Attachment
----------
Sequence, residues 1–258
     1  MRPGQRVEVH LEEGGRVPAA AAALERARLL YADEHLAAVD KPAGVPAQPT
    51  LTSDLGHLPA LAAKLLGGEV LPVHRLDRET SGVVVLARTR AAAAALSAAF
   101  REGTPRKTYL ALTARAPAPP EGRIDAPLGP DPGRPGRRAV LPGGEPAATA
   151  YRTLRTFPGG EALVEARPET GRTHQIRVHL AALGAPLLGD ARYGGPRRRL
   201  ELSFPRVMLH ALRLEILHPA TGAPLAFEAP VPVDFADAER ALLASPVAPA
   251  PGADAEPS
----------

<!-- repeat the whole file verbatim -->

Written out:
Sequence, residues 1–258
     1  MRPGQRVEVH LEEGGRVPAA AAALERARLL YADEHLAAVD KPAGVPAQPT
    51  LTSDLGHLPA LAAKLLGGEV LPVHRLDRET SGVVVLARTR AAAAALSAAF
   101  REGTPRKTYL ALTARAPAPP EGRIDAPLGP DPGRPGRRAV LPGGEPAATA
   151  YRTLRTFPGG EALVEARPET GRTHQIRVHL AALGAPLLGD ARYGGPRRRL
   201  ELSFPRVMLH ALRLEILHPA TGAPLAFEAP VPVDFADAER ALLASPVAPA
   251  PGADAEPS